March 25th, 2010
For a while, I wasn’t entirely feeling “Summer Catalog.” To some degree, the show has reached a point in its season where we have a very clear understanding of where its various stories are going, and the episode very clearly laid out how things were going to go wrong and reached its predictable conclusions…with about five minutes left.
At that point, “Summer Catalog” hit a big ol’ home run, finishing off its established stories and then more or less “debriefing” for the rest of the episode. What we ended with was an emotional denouement that placed the episode so perfectly within the context of ongoing storylines that any predictability was entirely irrelevant. As I put it on my Twitter feed, if you’ll excuse the figure skating analogy, the show went for a triple axel rather than the quadruple toe loop, going with something a bit more safe and typical, but they stuck the landing so well that it was all worth it in the end.
Seriously, though, I’m still sort of marking out over the self-shot Andy took of he and April hanging out at the picnic on the front of the catalog. At that point in the episode, I thought they had sort of botched the April/Andy story, as the awkward “April isn’t yet 21, so she can’t get into the bar, which scares Andy off” moment felt really forced. The show is at a point where they’re not quite ready to pull the trigger yet, and while I understand that it felt like a really odd way to create distance between them. But the idea that the summer catalog, which was supposed to have Mark and Ann on the cover, would have April and Andy instead is just so perfect that I don’t entirely know what to do with myself.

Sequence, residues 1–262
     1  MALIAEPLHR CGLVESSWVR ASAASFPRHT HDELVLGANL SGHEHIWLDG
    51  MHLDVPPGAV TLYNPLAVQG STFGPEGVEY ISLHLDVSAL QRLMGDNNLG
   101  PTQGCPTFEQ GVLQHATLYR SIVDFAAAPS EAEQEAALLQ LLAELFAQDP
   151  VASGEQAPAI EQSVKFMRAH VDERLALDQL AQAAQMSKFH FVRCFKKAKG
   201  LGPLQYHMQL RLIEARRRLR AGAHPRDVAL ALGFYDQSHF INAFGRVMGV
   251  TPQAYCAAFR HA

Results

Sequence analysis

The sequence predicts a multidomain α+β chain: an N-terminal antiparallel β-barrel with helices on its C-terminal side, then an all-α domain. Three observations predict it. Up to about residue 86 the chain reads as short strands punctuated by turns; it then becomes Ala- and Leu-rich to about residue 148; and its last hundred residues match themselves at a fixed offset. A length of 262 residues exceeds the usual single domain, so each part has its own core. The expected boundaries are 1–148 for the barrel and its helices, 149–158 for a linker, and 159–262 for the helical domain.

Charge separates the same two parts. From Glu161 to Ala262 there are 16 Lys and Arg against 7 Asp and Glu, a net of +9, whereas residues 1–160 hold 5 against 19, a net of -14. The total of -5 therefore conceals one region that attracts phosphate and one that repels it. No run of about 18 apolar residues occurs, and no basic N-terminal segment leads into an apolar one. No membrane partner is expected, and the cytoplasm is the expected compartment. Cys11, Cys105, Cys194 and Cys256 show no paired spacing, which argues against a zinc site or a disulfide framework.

Similarly, Leslie’s story went from the sort of awkward situation that Leslie creates to something really quite fantastic in the final few minutes, and Ron and Leslie enjoying some late night breakfast foods places their relationship in context with past directors/deputy directors. At first, it seemed like the story was designed (in Season One fashion) to have one of Leslie’s idealistic plans go terribly awry, but instead it proved an interesting trip through the past as Leslie gets none of the validation she wanted and instead learns that the people who used to run the Parks Department were either highly misogynistic, driven only by bureaucratic greed as opposed to any love for the parks, or driven so much by their love of nature that they got arrested for smoking pot in the office. And rather than create tension between her and Ron, outside of her decision to withhold food from him and not bring enough bacon to tide him over, the show uses it to bring them together: Ron assures Leslie that they will always have their friendship, and Leslie assures Ron that she has no intention of trying to push him out of his job. And while that moment of sentiment would have been enough to make the storyline into a nice discussion of how nice Leslie and Ron’s work relationship really is (just like the Woman of the Year story), the talking heads immediately after (where Ron admits he plans on, in his first act as city manager, cutting the Parks Department, while Leslie lays out plans to jump to city manager herself in order to double the size of the Parks Department) remind us that they remain extremely different people, which is just the perfect distillation of their situation.